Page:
"First Class" Types in Scala 3

I'm recently migrating some libs and projects to Scala 3, I guess it would be very helpful to me or anyone interested to learn some new functional programming features that Scala 3 is bringing to us.

Source code 👉 https://github.com/jcouyang/meow

First Class Types

In Idris, types are first class, meaning that they can be computed and manipulated (and passed to functions) just like any other language construct. https://idris2.readthedocs.io/en/latest/tutorial/typesfuns.html#first-class-types

In Scala 3, types can be computed at certain level, but can not be passed to or returned by function. It is pretty close but not first class yet.

Let us compare side by side with Idris' examples.

Type level function

In Idris, types can be input and output of a normal function:

isSingleton : Bool -> Type
isSingleton True = Nat
isSingleton False = List Nat

True, False, Nat, List Nat here are all types, but they are all in the position of values can be in a normal function isSingleton.

In Scala, types cannot be passed into function, but in Scala 3, there is a new feature called Match Types https://dotty.epfl.ch/docs/reference/new-types/match-types.html .

type IsSingleton[X <: Boolean] = X match {
  case true => Int
  case false => List[Int]

Clearly IsSingleton is not a function in Scala, but it is kind of doing the similar thing that isSingleton does in Idris.

Notice that true and false here are not value, they are singleton types.

val singletonBool: true = true
val singletonInt: 1 = 1

Next let us translate another Idris example into Scala 3:

sum : (single : Bool) -> isSingleton single -> Nat
sum True x = x
sum False [] = 0
sum False (x :: xs) = x + sum False xs

In the type signature, it is super cool that we can call a function isSingleton directly. This is the exactly place where you can feel that types are first class and just like values in Idris.

It is a bit verbose in Scala 3:

1: def sum(single: Boolean, x: IsSingleton[single.type]): Int = (single, x) match {
2:   case (true, x: IsSingleton[true]) =>  x                // <- (verbose1)
3:   case (false, Nil) => 0
4:   case (false, ((x:Int)::(xs: IsSingleton[false]))) => { // <- (verbose2)
5:     sum(false, xs) + x
6:   } 
7: }

By using Matching Types IsSingleton, we can compute the types of x, but we cannot feel or say that types here are first class since IsSingleton is not a function. Matching types can do some sort of computation but not as power as function.

Apart from type level function, there are few places are kind of verbose in Scala 3.

Verbose 1:

have to manually give compiler a hint that x has type IsSingleton[true], otherwise compile error:

[E]      Found:    (x : DependentTypes2.this.IsSingleton[(single : Boolean)])
[E]      Required: Int

clearly Scala compiler is not as good at proving as Idris that x is IsSingleton[true] since single is true.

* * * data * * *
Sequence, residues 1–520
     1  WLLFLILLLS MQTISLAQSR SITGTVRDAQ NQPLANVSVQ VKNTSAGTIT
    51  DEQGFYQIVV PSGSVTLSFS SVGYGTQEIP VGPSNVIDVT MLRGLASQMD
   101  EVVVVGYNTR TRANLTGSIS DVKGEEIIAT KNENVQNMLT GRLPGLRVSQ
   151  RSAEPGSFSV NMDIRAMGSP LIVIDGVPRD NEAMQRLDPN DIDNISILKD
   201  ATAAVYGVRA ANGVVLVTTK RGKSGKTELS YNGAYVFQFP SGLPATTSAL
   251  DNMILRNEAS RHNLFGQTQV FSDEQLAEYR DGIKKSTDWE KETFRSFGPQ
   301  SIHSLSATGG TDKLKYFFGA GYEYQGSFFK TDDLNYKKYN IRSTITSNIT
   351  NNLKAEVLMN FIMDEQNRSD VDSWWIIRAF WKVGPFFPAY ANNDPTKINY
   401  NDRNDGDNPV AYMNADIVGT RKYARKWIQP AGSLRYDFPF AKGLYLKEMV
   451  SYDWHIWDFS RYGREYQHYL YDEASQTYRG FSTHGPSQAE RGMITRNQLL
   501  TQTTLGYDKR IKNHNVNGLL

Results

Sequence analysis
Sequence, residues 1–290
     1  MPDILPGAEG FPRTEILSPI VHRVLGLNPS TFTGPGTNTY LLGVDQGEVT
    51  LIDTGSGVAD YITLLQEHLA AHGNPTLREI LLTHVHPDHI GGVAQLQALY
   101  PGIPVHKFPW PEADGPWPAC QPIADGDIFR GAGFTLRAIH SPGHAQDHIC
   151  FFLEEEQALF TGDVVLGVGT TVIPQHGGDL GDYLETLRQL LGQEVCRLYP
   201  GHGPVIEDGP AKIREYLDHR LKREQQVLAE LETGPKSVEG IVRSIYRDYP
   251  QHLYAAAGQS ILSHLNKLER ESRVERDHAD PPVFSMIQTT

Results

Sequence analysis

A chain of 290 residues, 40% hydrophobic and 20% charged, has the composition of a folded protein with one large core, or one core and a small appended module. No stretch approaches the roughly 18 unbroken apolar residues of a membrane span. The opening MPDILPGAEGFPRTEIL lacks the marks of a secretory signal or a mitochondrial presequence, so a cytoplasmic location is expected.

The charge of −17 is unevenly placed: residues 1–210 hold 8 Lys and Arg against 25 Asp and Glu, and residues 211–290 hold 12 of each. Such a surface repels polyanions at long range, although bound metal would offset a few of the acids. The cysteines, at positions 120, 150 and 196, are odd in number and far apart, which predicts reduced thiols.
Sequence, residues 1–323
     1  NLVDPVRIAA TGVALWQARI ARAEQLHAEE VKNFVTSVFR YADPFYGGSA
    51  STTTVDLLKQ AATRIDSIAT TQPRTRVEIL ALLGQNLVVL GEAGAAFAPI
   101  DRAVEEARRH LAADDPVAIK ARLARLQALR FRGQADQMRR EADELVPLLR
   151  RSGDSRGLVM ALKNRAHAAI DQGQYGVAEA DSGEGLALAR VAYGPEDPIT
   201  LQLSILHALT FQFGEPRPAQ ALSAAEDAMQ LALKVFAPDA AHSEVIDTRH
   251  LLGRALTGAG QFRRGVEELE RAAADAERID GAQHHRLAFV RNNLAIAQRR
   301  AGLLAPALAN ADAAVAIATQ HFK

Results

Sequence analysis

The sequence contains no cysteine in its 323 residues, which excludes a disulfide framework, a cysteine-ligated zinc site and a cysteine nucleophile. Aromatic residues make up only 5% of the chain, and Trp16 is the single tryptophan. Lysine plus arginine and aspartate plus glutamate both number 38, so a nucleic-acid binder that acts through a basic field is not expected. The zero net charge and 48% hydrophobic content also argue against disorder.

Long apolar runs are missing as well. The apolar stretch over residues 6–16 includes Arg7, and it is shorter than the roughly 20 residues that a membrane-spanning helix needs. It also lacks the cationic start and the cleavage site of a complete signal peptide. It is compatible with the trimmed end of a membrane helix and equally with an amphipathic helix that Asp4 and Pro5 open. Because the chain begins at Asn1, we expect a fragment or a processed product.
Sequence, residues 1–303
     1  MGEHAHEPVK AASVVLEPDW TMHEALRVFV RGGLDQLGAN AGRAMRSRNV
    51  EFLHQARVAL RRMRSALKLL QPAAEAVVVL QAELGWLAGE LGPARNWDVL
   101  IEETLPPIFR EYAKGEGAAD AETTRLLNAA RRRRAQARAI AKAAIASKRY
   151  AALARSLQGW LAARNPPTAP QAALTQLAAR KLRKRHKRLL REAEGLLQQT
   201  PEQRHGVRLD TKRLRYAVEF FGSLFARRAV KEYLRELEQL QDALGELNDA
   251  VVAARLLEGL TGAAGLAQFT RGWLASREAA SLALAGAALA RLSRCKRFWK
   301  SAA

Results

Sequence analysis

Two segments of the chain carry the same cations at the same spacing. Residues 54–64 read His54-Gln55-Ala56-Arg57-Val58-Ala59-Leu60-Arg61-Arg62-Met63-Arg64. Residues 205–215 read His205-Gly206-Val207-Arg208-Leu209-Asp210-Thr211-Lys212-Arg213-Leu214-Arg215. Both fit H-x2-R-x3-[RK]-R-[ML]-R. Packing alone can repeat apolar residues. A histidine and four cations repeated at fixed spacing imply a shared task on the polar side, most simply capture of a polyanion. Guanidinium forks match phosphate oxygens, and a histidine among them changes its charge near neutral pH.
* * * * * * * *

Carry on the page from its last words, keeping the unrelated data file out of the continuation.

Verbose 2:

have to manually give compiler a hint that x has type Int and xs has type IsSingletype[false]

Although a bit clumsy, it still works, everything computed at type level correctly.

Typelevel Ops

I really hope you still remember Vector:

data Nat    = Z   | S Nat 
data Vect : Nat -> Type -> Type where
   Nil  : Vect Z a
   (::) : a -> Vect k a -> Vect (S k) a

Simply translate it to Scala 3:

import scala.compiletime.{S}
enum Vector[Nat, +A] {
  case Nil extends Vector[0, Nothing]
  case Cons[N <: Int, AA](head: AA, tail: Vector[N, AA]) extends Vector[S[N], AA]

We don't really need to define Nat in Scala 3, there is singleton Int type we can use. And we can also use S combinator for Int just like S in Idris.

The real challenge here is to compute the length at type level, which is very easy to achieve in Idris since types can be passed into function.

Since length is Nat, we can simply define + function for Nat:

(+) : Nat -> Nat -> Nat
(+) Z     y = y
(+) (S k) y = S (+ k y)

Next to combine two Vect and compute length at type level is just:

(++) : Vect n a -> Vect m a -> Vect (n + m) a
(++) Nil       ys = ys
(++) (x :: xs) ys = x :: xs ++ ys

We just did it again, calling a function (n + m) in type signature.

Ideally we should be able to translate in Scala 3:

import scala.compiletime.ops.int.{+}
def combine[N <:Int, M<:Int,A](a: Vector[N, A], b: Vector[M, A]): Vector[N + M, A] =
  (a, b) match
    case (Nil, b) => b
    case Cons(head, tail) => Cons(head, combine(tail, b))

Type level operator + here is from compiletime.ops, it calculates singleton Int types at compile time. https://dotty.epfl.ch/docs/reference/metaprogramming/inline.html#the-scalacompiletimeops-package For instance:

val x: 1 + 2 * 3 = 7

But it is a crude real world…

[E]      Found:    (b : DependentTypes2.this.Vector[M, A])
[E]      Required: DependentTypes2.this.Vector[N + M, A]
[E]      L61:     case (Nil, b) => b
[E]      Found:    DependentTypes2.this.Vector[scala.compiletime.S[Int + M], Any]
[E]      Required: DependentTypes2.this.Vector[N + M, A]
[E]      L62:     case Cons(head, tail) => Cons(head, combine(tail, b))

Scala cannot infer return type should be Vector[0+M, A] since Nil has type Vector[0, A].

Also compiler cannot prove N - 1 + M + 1 is N + M.

I wouldn't suggest doing this on production, but we need to help Scala prove that the type is correct.

def combine[N <:Int, M<:Int,A](a: Vector[N, A], b: Vector[M, A]): Vector[N + M, A] =
  (a, b) match
    case (Nil, b) => b.asInstanceOf[Vector[N+M, A]]
    case (Cons(head: A, tail: Vector[N-1, A]), b) =>
      (Cons[N -1 + M, A](head,  combine(tail, b))).asInstanceOf[Vector[N+M, A]]

Overall I think it is great that Scala 3 provides Match Types and compiletime.ops, which make it possible to compute types just like values without using any shapeless, although types are yet first class.